- Prioritise investment in decarbonisation initiatives by both federal and state governments, offering the opportunity for economic benefits while acting on the climate crisis, ensuring environmental sustainability and safeguarding Australia’s future food security.
- Provide Industry stimulus packages that include requirements to reduce greenhouse gas emissions and pollution, and assure decent wages and conditions for workers. A new report released this week shows there are three times as many jobs in a renewable energy stimulus than in fossil fuels. Policies to support the rapid expansion of manufacturing for renewable energy and electric vehicles could create many secure jobs across metropolitan and regional settings.
- Help retain the things that people have enjoyed rediscovering in lockdown: local parks, community connection, walking and cycling, and growing food, as long term community assets.
- Prioritise the restoration of our natural ecosystems, by expanding our national parks and wilderness areas, and substantially increasing tree planting initiatives across the country. This includes in our cities where, as well as employment, it could provide for cooler cities, cleaner air and many associated public health, mental health, health promotion, social connection and empowerment benefits.
- Prioritise supporting hospitals and health care providers to make the switch to renewable energy and, where possible, directly install solar and other forms of renewable energy generation, as is occurring in Victoria, for example.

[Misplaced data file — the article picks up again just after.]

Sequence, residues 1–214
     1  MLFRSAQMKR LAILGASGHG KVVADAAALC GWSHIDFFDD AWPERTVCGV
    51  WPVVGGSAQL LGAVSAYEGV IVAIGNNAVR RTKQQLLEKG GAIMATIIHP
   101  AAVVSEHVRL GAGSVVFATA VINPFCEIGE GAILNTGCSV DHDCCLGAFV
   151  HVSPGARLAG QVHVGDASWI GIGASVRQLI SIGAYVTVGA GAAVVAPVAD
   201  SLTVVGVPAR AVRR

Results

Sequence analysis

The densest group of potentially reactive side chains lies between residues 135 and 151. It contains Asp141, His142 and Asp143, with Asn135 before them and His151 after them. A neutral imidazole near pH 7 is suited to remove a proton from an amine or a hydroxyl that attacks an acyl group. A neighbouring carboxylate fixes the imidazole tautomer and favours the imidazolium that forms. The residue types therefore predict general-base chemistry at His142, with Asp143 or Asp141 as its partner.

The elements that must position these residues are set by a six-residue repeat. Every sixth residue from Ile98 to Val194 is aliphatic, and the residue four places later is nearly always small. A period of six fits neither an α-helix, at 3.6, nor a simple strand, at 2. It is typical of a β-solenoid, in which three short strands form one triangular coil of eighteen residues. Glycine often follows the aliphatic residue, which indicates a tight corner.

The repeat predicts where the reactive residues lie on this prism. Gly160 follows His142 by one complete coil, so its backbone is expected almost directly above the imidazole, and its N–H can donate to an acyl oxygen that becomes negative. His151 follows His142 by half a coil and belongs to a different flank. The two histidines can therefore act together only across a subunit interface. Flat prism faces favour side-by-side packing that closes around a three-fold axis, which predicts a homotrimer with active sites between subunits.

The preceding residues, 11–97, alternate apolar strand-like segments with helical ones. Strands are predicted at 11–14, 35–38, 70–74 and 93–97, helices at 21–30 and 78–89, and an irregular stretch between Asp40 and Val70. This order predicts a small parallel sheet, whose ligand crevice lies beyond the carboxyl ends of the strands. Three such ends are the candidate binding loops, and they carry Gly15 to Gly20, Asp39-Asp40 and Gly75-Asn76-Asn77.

Governments should also invest in other sustainable health care measures and realise economic savings in health budgets in the areas of food, transport and waste.
These savings can facilitate larger investments in providing quality health care to people who need it, while reducing the public health harms associated with a high emissions health care sector that produces large volumes of waste.
Efforts are already underway through the Global Green and Healthy Hospitals network, with its Australia and New Zealand arm now boasting more than 85 institutional members, representing over 1500 hospitals and health care service providers, part of a global community of practice working to support the health sector to become more sustainable and climate resilient.
With the right investment and support, this network could provide desirable jobs at the cutting edge of the low carbon economy and realise substantial reductions in the health sector’s emissions and broader environmental footprint. This is just one example of how strategies to tackle climate change can also deliver health benefits.
Ultimately, a health-led economic recovery is a risk management strategy. Our major goal for this recovery should be to future-proof our economy and society from further pandemics and the dangers of a warming climate.
We can take action now to reduce these threats by responding to the climate crisis, investing in renewable energy and environmental protection, and investing in public health.
The question is, will we?
Fiona Armstrong is the Founder and Executive Director of the Climate and Health Alliance, a national coalition of health groups, and an Honorary Associate in the School of Psychology and Public Health at La Trobe University.
Tony Capon directs the Monash Sustainable Development Institute and holds a chair in planetary health in the School of Public Health and Preventive Medicine at Monash University. He is a member of the MJA Editorial Advisory Group.
The statements or opinions expressed in this article reflect the views of the authors and do not represent the official policy of the AMA, the MJA or InSight+ unless so stated.